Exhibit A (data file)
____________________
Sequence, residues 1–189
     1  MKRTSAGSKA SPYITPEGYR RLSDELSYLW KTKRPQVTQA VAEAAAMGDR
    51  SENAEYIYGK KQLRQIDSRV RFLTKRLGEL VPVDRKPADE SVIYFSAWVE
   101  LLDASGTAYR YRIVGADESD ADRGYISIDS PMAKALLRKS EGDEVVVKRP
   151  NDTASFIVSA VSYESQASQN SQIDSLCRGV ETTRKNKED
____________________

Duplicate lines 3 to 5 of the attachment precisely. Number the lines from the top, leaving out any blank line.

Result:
    51  SENAEYIYGK KQLRQIDSRV RFLTKRLGEL VPVDRKPADE SVIYFSAWVE
   101  LLDASGTAYR YRIVGADESD ADRGYISIDS PMAKALLRKS EGDEVVVKRP
   151  NDTASFIVSA VSYESQASQN SQIDSLCRGV ETTRKNKED